Not Non-Fiction

Stories.

Pool Rules.

All swimmers must shower before entering the pool.

All swimmers must be appropriately attired to use the pool and pool area.

All swimmers under the age of fourteen must first pass a swim test.

All swimmers under the age of five must be accompanied by an adult at all times.

Individuals with open cuts, sores, communicable diseases, or who are Kevin may not use the pool.

No glassware is allowed in the pool or pool area, including tumblers, highball glasses, shot glasses, vases, light bulbs, chandeliers, punch bowls, stemless wine glasses, windshields, Chihuly sculptures, champagne flutes, cake cloches, water coolers, butter dishes, marbles, condiment trays, pitchers, carafes, beakers, decanters, flasks, jars, urns, flagons, cruets, ewers, growlers, or amphorae.

No food or beverages are allowed in the pool.

No chewing gum in the pool area unless you brought enough for everyone.

No alcoholic beverages are allowed in the pool or pool area unless you brought enough for the lifeguard.

No spitting, nose blowing, or bodily fluids in the pool, and, hey, get out of here, Kevin.

No running in the pool area. If you can do it in the pool, hey, go for it.

No horseplay, including Equus, Ben Hur, or the Erik Satie ballet Parade.

In the event of severe weather the pool will be closed.

In the event of a fire calmly and quietly exit the area. Do not stand around and say, “Hey, how did a fire break out in the pool?”

If any object ball is jumped off the table, it is a foul and loss of turn, unless it is the 8-ball, which is a loss of game. Any jumped object balls are spotted in numerical order.

No person shall throw any item into the pool or pool area that could endanger the safety of any person. Items include weapons, chairs, other furniture, cans, Jarts, refrigerators, scissors, hazardous chemicals, angry housecats, housecats who are not angry but will be when they’ve been thrown into the pool, car tires, cars, suspension bridges, cider, very small rocks, churches, lead, ducks, black holes, needles, shoes, live electrical wires, half-eaten tuna fish sandwiches, bulldozers, and Kevin.

Except during specified times fishing with dynamite is not allowed.

A first aid kit is located somewhere around here.

Drowning is strictly prohibited.

There’ll Also Be Plenty Of Hot Air.

Here is the weekly weather forecast for the office:

On Monday sunrise will be at 5:52AM. The building will be open at 6:00AM but you’ll still need to use your key card to access the elevators because the maintenance guy keeps forgetting we’re no longer on Daylight Savings Time and at this point he might as well leave it like it is.

Gary will be in at 10:23AM and be careful because he’ll still have a wicked hangover.

On Tuesday expect a frosty reception from Meredith who will be upset that no one watered her plants while she was on vacation even though she didn’t ask anyone and they’re all succulents anyway. And technically she should be more upset that no one really noticed she was out Monday.

There’s also about a 60% chance that project that’s 90% finished will be cancelled.

An envelope for contributions to Pearl’s retirement gift will circulate through the office and there’s an 80% chance you won’t have anything smaller than a twenty.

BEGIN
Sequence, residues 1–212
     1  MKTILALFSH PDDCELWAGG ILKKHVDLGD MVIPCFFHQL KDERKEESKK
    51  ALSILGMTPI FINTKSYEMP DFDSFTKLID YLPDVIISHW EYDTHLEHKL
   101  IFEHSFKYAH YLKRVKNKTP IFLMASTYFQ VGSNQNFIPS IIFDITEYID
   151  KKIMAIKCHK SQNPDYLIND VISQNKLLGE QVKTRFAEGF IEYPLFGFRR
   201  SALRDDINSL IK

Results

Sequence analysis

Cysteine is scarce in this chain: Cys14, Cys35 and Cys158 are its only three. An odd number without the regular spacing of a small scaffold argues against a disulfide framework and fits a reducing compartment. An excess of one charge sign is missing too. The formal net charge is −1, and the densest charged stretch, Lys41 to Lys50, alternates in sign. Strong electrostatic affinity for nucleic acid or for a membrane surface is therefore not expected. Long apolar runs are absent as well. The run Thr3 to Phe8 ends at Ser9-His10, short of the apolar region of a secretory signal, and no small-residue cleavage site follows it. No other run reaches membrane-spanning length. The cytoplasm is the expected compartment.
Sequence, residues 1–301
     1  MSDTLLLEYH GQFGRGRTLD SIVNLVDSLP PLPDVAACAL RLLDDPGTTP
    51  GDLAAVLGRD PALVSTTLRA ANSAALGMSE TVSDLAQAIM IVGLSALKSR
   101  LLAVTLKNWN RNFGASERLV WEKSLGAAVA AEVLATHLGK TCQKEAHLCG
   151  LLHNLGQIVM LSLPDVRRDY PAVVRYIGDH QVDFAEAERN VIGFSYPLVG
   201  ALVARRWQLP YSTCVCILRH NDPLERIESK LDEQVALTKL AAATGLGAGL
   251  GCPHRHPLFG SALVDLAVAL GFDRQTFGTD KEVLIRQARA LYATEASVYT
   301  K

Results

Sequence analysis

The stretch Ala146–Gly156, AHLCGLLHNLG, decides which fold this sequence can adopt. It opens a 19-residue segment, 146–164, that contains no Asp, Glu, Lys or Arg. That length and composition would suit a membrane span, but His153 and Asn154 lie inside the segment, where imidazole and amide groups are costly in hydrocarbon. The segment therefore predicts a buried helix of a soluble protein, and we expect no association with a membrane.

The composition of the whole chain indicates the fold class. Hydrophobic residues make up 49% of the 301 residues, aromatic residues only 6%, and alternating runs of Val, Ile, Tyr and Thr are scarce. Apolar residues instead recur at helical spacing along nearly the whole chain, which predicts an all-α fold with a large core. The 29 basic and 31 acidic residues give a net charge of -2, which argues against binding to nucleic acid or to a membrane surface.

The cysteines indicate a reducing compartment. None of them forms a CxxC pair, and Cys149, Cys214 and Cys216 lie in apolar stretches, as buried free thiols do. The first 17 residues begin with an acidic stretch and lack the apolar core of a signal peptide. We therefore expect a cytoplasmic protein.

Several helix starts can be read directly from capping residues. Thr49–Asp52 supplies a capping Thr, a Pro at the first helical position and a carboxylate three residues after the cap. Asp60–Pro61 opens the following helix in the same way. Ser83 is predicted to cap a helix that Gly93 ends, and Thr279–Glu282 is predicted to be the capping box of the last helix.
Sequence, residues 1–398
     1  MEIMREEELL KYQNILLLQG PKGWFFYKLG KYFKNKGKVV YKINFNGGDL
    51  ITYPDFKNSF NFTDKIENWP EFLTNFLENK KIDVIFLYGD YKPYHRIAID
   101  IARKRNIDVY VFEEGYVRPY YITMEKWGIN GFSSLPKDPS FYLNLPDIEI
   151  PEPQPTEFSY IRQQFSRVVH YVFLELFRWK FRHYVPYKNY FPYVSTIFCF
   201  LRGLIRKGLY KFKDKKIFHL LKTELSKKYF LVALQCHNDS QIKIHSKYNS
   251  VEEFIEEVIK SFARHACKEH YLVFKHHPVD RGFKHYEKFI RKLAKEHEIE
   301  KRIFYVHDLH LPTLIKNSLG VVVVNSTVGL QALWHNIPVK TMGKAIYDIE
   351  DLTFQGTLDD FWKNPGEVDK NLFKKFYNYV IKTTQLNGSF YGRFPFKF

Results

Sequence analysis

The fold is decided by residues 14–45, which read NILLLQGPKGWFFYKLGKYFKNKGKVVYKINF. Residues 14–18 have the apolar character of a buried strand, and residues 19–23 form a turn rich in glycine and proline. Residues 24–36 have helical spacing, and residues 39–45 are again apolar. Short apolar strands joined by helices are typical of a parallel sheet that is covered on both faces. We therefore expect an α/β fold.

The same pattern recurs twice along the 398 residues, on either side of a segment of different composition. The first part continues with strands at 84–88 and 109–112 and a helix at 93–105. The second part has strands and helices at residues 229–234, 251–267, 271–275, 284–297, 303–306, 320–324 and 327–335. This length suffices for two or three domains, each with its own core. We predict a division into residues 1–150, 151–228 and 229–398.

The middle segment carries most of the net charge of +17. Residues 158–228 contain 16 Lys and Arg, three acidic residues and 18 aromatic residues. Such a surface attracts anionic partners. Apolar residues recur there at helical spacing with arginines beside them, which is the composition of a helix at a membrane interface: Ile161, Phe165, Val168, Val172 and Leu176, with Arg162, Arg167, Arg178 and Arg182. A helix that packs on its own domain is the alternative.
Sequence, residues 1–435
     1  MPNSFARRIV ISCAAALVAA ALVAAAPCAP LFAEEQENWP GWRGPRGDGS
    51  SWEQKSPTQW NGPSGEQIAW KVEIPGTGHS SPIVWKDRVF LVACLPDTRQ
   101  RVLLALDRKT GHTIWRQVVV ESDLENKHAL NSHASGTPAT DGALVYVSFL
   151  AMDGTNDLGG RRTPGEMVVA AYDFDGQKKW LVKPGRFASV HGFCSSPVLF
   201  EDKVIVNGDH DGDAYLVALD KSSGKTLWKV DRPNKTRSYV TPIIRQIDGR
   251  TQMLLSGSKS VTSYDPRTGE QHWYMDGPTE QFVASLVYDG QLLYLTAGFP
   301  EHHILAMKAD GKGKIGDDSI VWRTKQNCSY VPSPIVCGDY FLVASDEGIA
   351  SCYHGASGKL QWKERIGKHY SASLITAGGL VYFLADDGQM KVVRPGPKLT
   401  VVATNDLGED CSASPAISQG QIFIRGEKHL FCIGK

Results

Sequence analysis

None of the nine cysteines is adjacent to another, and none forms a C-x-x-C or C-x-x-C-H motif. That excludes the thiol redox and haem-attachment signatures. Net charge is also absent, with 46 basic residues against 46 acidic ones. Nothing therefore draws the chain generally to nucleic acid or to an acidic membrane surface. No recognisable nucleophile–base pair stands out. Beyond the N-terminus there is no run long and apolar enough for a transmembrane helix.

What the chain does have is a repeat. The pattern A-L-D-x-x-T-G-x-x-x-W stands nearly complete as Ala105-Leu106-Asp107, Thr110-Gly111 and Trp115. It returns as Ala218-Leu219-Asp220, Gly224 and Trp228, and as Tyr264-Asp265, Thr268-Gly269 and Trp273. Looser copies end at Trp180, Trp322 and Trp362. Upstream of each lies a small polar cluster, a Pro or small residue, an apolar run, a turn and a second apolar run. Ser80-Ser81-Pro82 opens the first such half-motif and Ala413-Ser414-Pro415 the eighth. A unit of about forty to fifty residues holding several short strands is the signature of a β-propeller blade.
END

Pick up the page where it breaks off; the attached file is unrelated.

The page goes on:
On Wednesday morning you’ll need your key card to access the elevators because the maintenance crew did something to the alarm system the night before and now everything’s locked down.

Wednesday afternoon expect a high pressure front to move through as Rick and Gary get into an argument over whether or not to close the blinds on the western side of the office in the afternoon. This could cause significant delays in getting out that earnings report, so be prepared and make sure you’ve got your noise-cancelling headphones.

You’ll go to the vending machine and there’s an 80% chance you won’t have anything smaller than a twenty.

In the afternoon be prepared for delays in the break room because that’s when Meredith is going to want to tell you about her vacation.

On Thursday there’s about a 75% chance the construction guys who’ve torn up the sidewalk on the west side of the building will cut a cable causing a loss of internet access, all power, or both. If this doesn’t happen you can congratulate them as you’re forced to step out into traffic to get around the mess they’ve made, or you can wait until next week when the chances they’ll cut a cable will be up to 100%. Also at around noon on Thursday Terry is going to heat fish in the microwave, making you wish there were such a thing as smell-cancelling nostrilphones.

Watch for slick spots in the break room on Thursday afternoon too after Terry spills a bottle of Sriracha and is astoundingly, but not surprisingly, oblivious.

In the late afternoon Rick from the fifteenth floor will discover an accounting error and will storm into the office and figuratively eat someone’s lunch.

On Friday it will rain. It won’t affect your plans to go out for lunch but dress accordingly.

Terry will discover leftovers from Giacomo’s in the office fridge and literally eat someone’s lunch.

Also on Friday afternoon Steve will drop by and ask you to proofread the handouts for the meeting and by “proofread” he means “collate and staple”, so you won’t catch his hilarious misspelling, inserting an “i” in the word “pens”. And it serves him right for scheduling a meeting for 4:00PM on Friday.

Every day over the coming week be careful driving in the parking garage, especially between 7:30AM and 8:30AM when most people are coming in, between 4:30PM and 5:30PM when most peple are leaving, and between 9:30AM and 10:30AM because that’s when Gary comes in.